Back in my BC days there were two things I liked to do. Find my way to the front row at a rock concert and gain access to off limits places to explore. At concerts it began with a study of the arena. Which seats are empty? Where is security stationed? Then after a few songs we’d begin to weave through the crowd. Scurrying through seats and jumping over the wall that separated the seats from the floor. Most of the times were met with success. Sometimes we would get caught and to rewind and try again. Another game Joy and I would play with our friends was to explore a city and try to make our way into off limits buildings or find doors that would give us access to the roof or upper levels. We find an old church and want to get in to admire its beauty and gain the view from the rooftop. Bottom line is we were trying to gain access to seats we didn’t pay for or locations only accessible to authorized personnel.
Growing up I said “God bless you’ when someone sneezed, prayed for the occasional meal, helped people when I could, and attended church on occasion. I knew who Jesus was and what He did. Even prayed to Him once in a while when I needed out of a jam. Surely when I surveyed my life I had done enough to satisfy entrance to heaven.
In the Sermon on the Mount Jesus addresses guys like me. “Not everyone who says to me “Lord, Lord, will enter the kingdom of heaven, but only he who does the will of my Father who is in heaven” (Matthew 7:21) Jesus said one day people will tell him all the stuff they did in His name (7:22) and He say ‘Who are you?” (7:23).
You see, it’s not about the stuff we do, that’s easy. We can’t finagle our way by sneaking through a door of good works. The way is secure and accessible only through the work and person of Jesus Christ. “I am the way, the truth, and the life” He would tell His disciples “no one comes to the Father except through me.” (John 14:6).
It’s about Him! He is the narrow gate (7:13) through which we gain access. It is His work, period!
In my younger days I spent some time living in an apartment complex just outside
Atlanta. At the center of the complex was a basketball court. When time permitted
and the court wasn’t being used I’d spend some time shooting hoops. Jump shots, foul
shots, three point shots, dribble shoot, baby hook, and fade away I did them all. Mostly
unsuccessfully, but I did them all. I wasn’t half bad, at least I thought to myself.
However, there was a group of guys who played there from time to time. THEY were
good. If I looked out the window and saw them on the court I didn’t venture that way. If I
was there and saw them coming, I was out of there.
One particular day I was on the court shooting away not paying attention to what was
going on around me. You can guess what happened, they guys showed up. And they were
a man short. I acquiesced to their request to participate. Man, those guys were good.
Conversely I learned how NOT good I was. But I stuck it out. I endured blocked shots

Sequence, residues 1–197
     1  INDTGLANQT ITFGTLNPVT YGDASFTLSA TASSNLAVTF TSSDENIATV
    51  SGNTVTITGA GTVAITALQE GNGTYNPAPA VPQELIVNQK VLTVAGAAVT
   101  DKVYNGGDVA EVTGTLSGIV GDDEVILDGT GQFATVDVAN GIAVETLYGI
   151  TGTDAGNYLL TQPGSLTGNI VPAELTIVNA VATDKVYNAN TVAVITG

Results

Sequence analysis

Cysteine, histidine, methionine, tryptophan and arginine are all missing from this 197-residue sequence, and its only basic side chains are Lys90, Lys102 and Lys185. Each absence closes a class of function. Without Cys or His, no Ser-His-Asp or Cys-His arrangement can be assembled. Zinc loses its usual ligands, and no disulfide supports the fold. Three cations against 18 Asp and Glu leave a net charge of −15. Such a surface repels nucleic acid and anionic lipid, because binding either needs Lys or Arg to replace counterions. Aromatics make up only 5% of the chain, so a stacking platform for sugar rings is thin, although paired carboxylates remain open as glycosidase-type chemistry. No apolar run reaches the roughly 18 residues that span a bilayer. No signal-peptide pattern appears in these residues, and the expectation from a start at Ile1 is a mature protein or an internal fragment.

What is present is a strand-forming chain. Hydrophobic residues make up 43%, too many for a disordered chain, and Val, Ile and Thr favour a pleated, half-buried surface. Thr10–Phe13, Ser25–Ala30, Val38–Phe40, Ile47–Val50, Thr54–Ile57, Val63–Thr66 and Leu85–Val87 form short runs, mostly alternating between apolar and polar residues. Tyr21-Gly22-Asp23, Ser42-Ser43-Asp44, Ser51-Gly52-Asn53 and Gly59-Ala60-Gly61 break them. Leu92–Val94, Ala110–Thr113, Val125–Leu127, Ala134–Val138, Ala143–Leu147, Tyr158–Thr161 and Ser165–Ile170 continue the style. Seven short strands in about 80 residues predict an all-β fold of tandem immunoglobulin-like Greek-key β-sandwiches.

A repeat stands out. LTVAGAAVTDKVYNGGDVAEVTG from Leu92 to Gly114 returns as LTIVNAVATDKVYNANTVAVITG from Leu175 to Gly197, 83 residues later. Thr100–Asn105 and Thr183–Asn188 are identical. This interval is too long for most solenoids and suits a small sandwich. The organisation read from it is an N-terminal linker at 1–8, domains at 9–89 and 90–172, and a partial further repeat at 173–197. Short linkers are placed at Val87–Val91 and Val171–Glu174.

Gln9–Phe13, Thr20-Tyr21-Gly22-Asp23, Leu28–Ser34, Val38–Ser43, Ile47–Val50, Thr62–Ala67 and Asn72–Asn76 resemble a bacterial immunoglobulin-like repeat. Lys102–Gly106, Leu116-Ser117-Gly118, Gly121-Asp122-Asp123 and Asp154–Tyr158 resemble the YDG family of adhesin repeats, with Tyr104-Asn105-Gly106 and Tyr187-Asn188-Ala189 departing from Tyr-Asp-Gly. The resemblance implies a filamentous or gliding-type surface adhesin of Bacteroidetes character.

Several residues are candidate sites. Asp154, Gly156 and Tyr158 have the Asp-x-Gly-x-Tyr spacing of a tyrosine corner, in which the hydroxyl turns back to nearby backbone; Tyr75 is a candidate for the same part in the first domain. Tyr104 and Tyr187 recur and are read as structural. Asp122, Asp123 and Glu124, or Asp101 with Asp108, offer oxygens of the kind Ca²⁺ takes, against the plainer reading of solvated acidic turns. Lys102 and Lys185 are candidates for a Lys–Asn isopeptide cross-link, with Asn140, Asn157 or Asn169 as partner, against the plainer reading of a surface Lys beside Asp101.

missed passes, steals, and losing my man. But I stuck it out. And I played with them
again and again. I learned playing with those guys improved my game significantly.
If you want to get better at whatever you are doing I’ve learned to find someone
better than you and work with them. I’ve learned don’t go it alone. It’s remarkable
how my stride count increases when someone is on the elliptical next to mine.
If you want to grow in relationship and knowledge of God, don’t go it alone. Show up
for church, connect with a small group, find someone to study with.
I think intimidation is ultimately fear of humility. It’s an unwillingness to want to put
ourselves out there and admit we don’t know what we don’t know or can’t do what we
want others think we can do. I’ve learned to surround myself with people with more
smarts and skill than I, even in my current profession. Doing so challenges me to up
my game and makes me better for it.
Bonus points if you know where the title originated.
This morning I began reading 1 Samuel as part of my devotions. I was struck by the
encounter Eli has with Hannah in chapter 1. Hannah is desperate for a child yet
remains barren. She is in the temple “praying in her heart, and her lips were moving
but her voice was not heard.” (1:13) Eli the priest misinterpreted what he saw. He she
said to her, ‘How long will you keep on getting drunk? Get rid of your wine.” (1:14). He
saw the headline and made a snap judgment. Fortunately for Eli, Hannah corrects him
and he is able to see the situation for what it really is. Through her correction he was
able to see beyond the headline.
It is easy to see someone and, based on outward appearance or behavior, make a snap
judgment. Unfortunately most of the time we do not put ourselves in a place to hear
the story behind the headline. There is always more to the story than the headline we
create; crackhead, idiot, punk, bum, etc. Our confirmation bias assesses, dismisses,
and walks away.
Before we dismiss based on the headline we create for someone perhaps it would be
good to see beyond the headline and realize that is a real person with real issues that
may need you to help rewrite the story of their lives.